Not yet Uhuru: Nigerians and a journey towards national identity (2)

NigeriaCONTINUED FROM YESTERDAY
Once the mental framework is developed and built, and everyone is aware of the indispensable need to learn languages of other cultural nationals, and the basic communication in the white’s language is established, then a move-away from the culture of mediocrity and irresponsibility which makes Nigerians shy away from identifying with their country becomes a reality. The variables that fragment us become clear because there are no efforts to bring together the ethnic nationalities that come together as a people. The voice of the youths must prevail in this regard.

Regrettably, too, we are in a regime where the character of our strength, productivity of our potentials and efficiency of our skills are largely determined by and dependent upon the fluency of our English accent, proficiency in the written and spoken linguistic scheme of the Englishman, and excellence in English language examination. The immediate consequence of this attitude is the degree of disunity and abysmal level of development we are witnessing. Yes, possessing basics of the English syntax, vocabulary and grammar is good but using it as yardstick to, say, gaining admission into post-secondary education is not only evil but also self-colonising. It is interestingly instructive that the power of language is such that man thinks within the framework of the language in which he speaks or is forced to speak. Language influences man’s rational and thinking capacity.

The fast extinction of our various indigenous languages is alarming to the extent that we are comfortable with a system of language developed by a people and relegating the tongue into which we are born. The educational sector and the academia in Nigeria must be put on trial here. They both must be subject to rigorous questions, such as why should the Yoruba (Hausa or Igbo) man not be evaluated based on the tongue into which he is born other than the white man’s language? After been introduced into the basic communication pattern of the colonialist, should the WAEC/NECO candidate not mandatorily asked to engage his mother tongue vigorously in the examination to make him eligible to gain admission for university education? Creating a true national identity requires that the languages and culture of the three major tribes (to start with) in Nigeria be introduced from the elementary education such that the child is aware of the culture and history that birth other ethnic groups that make up his country.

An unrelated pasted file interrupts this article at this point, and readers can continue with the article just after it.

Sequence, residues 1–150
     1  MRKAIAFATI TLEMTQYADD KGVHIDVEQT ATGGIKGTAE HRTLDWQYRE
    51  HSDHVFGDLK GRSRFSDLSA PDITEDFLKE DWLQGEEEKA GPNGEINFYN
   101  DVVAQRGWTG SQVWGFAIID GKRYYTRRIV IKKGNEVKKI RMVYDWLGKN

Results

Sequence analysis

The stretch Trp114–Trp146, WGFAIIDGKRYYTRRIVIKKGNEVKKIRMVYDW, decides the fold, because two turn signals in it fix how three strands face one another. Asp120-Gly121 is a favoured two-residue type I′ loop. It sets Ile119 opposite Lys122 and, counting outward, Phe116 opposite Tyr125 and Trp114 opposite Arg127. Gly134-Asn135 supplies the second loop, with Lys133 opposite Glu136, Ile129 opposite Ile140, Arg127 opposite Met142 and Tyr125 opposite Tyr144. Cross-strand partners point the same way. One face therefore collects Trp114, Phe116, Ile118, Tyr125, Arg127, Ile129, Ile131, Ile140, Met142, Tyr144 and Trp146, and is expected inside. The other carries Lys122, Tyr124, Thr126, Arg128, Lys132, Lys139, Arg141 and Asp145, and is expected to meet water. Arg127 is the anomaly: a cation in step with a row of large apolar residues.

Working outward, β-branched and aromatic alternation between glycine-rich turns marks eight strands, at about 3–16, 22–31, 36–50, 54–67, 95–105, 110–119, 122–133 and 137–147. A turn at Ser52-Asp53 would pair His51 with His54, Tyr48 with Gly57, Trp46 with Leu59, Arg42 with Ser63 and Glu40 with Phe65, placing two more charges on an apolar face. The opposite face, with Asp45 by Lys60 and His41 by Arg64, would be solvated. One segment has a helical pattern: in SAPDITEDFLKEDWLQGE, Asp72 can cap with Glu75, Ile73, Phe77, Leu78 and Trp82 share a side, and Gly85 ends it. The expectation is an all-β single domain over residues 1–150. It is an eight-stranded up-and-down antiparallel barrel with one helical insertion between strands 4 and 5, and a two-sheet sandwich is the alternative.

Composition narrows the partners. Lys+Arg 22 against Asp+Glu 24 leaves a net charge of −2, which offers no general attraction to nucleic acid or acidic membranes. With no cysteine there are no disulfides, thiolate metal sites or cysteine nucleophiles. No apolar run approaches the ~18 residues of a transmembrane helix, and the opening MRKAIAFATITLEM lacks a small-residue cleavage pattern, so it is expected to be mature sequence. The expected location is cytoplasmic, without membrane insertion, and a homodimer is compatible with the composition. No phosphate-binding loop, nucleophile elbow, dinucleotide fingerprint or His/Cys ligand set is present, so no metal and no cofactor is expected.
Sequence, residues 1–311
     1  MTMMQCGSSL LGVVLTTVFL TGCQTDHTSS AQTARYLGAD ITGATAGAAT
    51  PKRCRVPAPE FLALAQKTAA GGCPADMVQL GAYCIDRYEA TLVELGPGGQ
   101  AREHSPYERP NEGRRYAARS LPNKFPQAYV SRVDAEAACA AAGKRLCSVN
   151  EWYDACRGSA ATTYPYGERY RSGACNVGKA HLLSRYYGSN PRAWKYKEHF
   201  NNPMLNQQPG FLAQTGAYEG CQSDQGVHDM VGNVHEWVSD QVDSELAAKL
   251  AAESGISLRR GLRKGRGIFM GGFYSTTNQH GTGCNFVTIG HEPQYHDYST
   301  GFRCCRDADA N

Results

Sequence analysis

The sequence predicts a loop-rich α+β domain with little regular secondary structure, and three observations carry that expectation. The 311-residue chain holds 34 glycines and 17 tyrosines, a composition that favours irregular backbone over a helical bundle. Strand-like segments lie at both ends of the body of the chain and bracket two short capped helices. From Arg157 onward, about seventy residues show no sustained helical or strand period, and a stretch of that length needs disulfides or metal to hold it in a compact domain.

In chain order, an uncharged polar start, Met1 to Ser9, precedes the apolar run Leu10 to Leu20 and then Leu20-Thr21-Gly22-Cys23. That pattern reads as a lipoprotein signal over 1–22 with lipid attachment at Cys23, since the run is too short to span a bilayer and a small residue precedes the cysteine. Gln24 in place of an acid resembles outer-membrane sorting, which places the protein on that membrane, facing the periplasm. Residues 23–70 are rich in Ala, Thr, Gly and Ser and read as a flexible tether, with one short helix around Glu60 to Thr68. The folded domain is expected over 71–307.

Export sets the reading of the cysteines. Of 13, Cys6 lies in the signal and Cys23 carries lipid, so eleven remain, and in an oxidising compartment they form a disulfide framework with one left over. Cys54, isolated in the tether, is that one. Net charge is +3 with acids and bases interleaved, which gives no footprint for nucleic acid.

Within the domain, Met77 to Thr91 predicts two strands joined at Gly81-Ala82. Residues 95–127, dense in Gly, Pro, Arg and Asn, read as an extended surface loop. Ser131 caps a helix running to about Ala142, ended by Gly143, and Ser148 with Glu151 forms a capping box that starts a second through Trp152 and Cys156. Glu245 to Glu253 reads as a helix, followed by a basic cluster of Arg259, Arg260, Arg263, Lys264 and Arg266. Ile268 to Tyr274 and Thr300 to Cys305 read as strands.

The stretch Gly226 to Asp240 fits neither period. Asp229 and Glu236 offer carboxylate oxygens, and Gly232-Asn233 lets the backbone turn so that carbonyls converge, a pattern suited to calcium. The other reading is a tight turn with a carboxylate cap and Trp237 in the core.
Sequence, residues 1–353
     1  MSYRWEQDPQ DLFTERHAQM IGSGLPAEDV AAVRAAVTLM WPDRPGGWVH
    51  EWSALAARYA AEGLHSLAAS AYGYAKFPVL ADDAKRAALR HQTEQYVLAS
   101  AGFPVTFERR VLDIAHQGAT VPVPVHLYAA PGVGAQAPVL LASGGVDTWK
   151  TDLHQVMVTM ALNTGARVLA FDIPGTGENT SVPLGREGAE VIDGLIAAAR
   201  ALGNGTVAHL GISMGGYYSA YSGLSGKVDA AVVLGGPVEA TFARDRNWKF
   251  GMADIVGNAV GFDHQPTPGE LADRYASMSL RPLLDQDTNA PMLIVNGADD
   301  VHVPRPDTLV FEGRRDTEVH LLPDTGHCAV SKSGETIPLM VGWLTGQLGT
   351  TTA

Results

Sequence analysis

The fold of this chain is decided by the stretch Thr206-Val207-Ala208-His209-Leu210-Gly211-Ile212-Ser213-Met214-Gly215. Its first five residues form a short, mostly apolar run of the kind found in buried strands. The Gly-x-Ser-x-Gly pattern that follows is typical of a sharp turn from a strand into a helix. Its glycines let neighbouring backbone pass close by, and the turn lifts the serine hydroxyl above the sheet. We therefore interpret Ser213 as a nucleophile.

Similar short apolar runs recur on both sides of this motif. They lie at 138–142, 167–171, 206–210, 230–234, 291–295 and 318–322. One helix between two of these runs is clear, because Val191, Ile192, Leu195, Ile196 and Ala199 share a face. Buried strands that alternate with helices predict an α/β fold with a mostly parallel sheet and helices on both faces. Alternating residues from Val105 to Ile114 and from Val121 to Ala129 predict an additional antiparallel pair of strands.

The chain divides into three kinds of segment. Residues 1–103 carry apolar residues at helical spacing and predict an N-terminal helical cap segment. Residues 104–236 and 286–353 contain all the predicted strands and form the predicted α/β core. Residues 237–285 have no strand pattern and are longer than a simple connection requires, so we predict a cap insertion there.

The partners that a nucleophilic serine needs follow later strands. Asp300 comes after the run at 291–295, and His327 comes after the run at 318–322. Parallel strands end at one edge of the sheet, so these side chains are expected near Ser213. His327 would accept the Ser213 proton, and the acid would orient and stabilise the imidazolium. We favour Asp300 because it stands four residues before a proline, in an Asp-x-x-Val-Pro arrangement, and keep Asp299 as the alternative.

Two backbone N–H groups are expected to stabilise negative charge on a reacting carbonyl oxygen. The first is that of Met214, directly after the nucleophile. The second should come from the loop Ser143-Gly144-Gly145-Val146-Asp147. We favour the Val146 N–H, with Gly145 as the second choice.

Consequently, he develops a sense of national consciousness, an idea that he is a citizen of Nigeria, whether he lives in the East, West, North or South. The ethnic suspicion that troubled and polarized the first republic Nigeria was due largely in part to lack of national consciousness. The Igbo man did not feel safe in the hands of the Hausa man because the latter could not understand the language of the former, even if the former could speak and communicate in the language of the latter. There was lack of mutual linguistic understanding. This snag may linger for a longer-than-expected period if a national identity that is beyond mere reciting the patriotic anthem, veiled ignorantly in national anthem, is not addressed.

It is absurd and indeed a product of this lack of national identity that after over fifty years of independence, the learning of the three major languages of Nigeria is still left in the hands of occupational and geographical mobility contraption. More worrisome is the fact that through this number of years, the education sector has not designed a scientific process of bringing the Igbo man closer to the Yoruba man, the Yoruba closer to the Hausa, and so forth. Many educationalists and scholars have with high-level incoherence lopsidedly argued that Nigeria is not ripe enough to develop her own national linguistic framework, a language that all Nigerians will learn, speak, write and understand. If this argument is allowed to persist, then Nigeria is doomed for a more disintegrated future. Lessons must be learnt and cue taken from Kenya, South Africa, Botswana, Burundi, Central Africa Republic, Lesotho, Rwanda, Somalia, and a host of other African countries with indigenous national languages, on the procedure to develop a unifying language. It appears that the so-called official language is partitioning Nigeria rather than uniting it.

Given, and admittedly so, that this is the first time a Nigerian government will define and embrace a collective vision, a vision driven by determination, altruism, and strong political will, it is important to bring these suggestions to bear in the ministries, departments and agencies concerned to ensure that Nigeria truly becomes a nation, united in spirit and in truth.
CONCLUDED
• Alabi a poet, author and public affairs commentator and political analyst, works in Legal Blitz Limited.
jamesvivian911@gmail.com, 08039696286.



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